Thanks so much, Janina, for always taking the time to comment 🙂 As for the glasses, I think the angle of the selfie accentuated their size 😉

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    • It’s been a fascinating educational journey, Lisa, and one that’s still not over for me. I have to admit that I’m glad I went as I’m not sure I would have delved as deeply into its history otherwise. Thanks about the pictures (and happy new year – I’m quite behind on my blog!)

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  5. Great fun tour Stacy – am I allowed to say that? I mean I know it was a miserable place but I love your gorgeous lines and pools of light in many of the shots. The selfie is the cherry on the cake!!!

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    • Hi, Patti! Sorry for the long overdue reply – I’m just getting back to my blog after a long holiday hiatus and have sooo much catching up to do! As for the tour being “fun,” well, you know how much I looked forward to it. It truly was an exceptional experience from an educational viewpoint, and from a photographic viewpoint, I really did have fun exploring the island, the buildings, and trying to capture the light and shadows as I did and bring the experience to life. So thanks for commenting on that! As for the selfie, definitely not something I like to do, but the hardhat was just to good to pass up 😀

      Happy New Year, by the way!!

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    • Thanks, Raewyn! Happy New Year 🎉 Yes, it is difficult to imagine life in those cells. And it was pretty overwhelming to simply stand in the solitary confinement cells even with the door open. Glad you liked the selfie – I’m not one who likes to take those, but the moment just called out for one. I took it and sent it to my family, but just had to include it here – mostly because of the hardhat 😀

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  6. Reading through your information on Alcatraz, it’s like I’ve never been there yet I have. Perhaps if they’d put more of these details in “The Rock” (Nicholas Cage and Sean Connery) I would have remembered. And maybe if I hadn’t been traveling with a 4 and 6 year old also, lol. Now I’m itching to go back for another visit! 🙂

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    • Happy New Year, Joanne! Finally getting back to my blog (and can’t believe how far behind I am!) LOVE “The Rock” AND Sean Connery! (My middle son is actually named for him 😃) As for your trip to Alcatraz, yup, I think it has everything to do with visiting with your young ones in tow!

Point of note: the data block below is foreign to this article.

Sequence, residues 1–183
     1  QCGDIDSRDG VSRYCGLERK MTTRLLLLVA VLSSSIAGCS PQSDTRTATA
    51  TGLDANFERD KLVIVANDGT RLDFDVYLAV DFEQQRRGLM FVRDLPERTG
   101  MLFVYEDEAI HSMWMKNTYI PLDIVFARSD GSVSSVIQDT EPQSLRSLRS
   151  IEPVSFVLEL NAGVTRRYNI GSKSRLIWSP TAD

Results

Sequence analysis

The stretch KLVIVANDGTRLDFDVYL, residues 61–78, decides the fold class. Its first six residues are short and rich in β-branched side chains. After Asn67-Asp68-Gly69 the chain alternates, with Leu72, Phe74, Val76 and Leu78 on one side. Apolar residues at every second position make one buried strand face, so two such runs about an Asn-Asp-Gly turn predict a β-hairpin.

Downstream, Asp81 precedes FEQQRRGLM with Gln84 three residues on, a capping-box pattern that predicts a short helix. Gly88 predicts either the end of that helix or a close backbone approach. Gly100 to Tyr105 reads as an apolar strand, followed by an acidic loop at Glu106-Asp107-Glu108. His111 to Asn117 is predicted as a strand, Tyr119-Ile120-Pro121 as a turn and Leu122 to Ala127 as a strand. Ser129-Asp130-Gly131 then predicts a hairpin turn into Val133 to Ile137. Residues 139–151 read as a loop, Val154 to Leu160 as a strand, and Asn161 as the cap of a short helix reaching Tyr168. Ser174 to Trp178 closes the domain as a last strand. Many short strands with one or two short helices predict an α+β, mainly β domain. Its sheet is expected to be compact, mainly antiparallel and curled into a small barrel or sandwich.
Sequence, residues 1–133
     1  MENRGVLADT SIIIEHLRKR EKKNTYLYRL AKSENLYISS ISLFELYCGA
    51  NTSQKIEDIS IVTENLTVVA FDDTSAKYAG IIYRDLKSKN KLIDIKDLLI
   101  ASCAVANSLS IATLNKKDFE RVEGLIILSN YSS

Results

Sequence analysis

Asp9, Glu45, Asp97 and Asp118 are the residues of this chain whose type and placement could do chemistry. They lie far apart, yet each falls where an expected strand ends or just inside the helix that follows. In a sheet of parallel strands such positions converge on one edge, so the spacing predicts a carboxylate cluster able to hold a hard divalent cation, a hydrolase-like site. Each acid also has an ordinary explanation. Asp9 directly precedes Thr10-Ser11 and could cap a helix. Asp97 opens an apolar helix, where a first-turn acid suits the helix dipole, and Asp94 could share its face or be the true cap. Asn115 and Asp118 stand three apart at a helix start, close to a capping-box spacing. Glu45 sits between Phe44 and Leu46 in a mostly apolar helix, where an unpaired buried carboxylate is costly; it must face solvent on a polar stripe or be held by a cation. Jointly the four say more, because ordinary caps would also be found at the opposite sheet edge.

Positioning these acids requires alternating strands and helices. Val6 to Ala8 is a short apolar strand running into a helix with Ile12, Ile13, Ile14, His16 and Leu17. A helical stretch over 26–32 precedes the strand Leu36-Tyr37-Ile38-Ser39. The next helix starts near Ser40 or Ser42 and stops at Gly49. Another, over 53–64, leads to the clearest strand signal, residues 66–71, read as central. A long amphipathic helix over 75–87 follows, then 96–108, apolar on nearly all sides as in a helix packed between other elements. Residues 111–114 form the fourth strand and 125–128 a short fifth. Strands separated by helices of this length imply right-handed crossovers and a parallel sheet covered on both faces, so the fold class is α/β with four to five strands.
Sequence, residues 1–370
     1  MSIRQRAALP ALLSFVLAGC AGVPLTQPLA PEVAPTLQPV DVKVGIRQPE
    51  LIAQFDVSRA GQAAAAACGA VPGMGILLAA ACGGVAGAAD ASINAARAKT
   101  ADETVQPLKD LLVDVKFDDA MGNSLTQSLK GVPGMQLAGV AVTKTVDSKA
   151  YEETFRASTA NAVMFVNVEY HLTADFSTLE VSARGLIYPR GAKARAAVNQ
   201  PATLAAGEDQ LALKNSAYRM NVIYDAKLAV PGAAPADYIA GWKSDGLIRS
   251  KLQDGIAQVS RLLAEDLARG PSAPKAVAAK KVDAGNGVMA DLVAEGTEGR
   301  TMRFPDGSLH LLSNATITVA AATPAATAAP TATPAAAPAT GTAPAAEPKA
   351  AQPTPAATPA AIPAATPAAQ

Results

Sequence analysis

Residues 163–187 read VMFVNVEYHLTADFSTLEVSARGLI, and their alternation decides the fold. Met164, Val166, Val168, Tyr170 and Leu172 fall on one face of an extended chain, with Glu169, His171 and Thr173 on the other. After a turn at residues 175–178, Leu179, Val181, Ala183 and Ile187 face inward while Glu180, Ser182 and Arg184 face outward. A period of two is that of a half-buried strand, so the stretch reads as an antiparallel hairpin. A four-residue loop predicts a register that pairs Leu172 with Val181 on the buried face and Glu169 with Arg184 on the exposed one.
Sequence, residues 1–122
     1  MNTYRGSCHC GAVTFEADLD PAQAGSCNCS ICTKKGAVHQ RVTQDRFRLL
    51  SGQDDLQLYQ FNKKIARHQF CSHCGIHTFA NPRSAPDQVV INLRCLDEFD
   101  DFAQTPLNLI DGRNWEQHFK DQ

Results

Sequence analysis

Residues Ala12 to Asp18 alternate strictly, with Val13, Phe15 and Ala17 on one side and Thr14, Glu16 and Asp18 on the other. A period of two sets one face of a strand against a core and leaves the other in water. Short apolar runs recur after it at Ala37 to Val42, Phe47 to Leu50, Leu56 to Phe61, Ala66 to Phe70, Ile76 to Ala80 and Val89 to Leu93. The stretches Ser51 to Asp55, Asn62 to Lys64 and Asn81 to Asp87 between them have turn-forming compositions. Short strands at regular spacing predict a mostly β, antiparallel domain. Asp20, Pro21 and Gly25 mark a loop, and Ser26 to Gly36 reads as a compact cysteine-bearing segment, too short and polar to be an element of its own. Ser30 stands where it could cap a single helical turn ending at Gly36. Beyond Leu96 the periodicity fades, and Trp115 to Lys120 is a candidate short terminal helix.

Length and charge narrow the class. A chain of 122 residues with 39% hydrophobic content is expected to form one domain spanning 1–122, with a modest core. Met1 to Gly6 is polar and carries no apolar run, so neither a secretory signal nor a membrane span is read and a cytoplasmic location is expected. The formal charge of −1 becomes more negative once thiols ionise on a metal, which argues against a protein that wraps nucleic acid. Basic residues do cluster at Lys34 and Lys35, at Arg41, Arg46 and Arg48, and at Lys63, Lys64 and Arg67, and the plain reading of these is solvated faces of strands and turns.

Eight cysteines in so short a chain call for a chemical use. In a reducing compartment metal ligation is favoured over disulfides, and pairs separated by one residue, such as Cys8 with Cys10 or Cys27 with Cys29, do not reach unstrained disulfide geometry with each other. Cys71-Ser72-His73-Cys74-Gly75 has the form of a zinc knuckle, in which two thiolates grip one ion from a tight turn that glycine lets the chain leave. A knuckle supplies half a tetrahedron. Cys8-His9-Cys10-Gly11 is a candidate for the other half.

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      • And Happy New Year to you… how’s that for being behind, lol? This is SO not the new year I was planning but hopefully by next month I’ll be back into blogging… maybe! 🙂

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        • Or it’s the so-called “move-in-ready” house that needs rooms finished and walls moved so both children and I can have our own spaces. And all this being completed whilst Hubby is overseas on business!😬

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  7. Wow, I had no idea! Great post, Stacy. And 2 good tips for such tours: 1) get ahead of the crowd and 2) ask if you can see what’s behind that door. Was that Dr. Stanley Goodspeed in the far background of the last picture? (movie trivia)

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    • Thanks, Robin. I’m definitely playing a lot of catchup on my blog. Can’t believe I hadn’t responded to these comments before now (yikes!). But, yes, it always pays to ask! As for Stanley Goodspeed, nope – it was John Mason (I wish 😉).

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  8. Thanks for the photographic tour. I’m glad you managed to get so many shots without other people in them. I definitely need to return to Alcatraz now as my tour back in 2000 did not include the basement.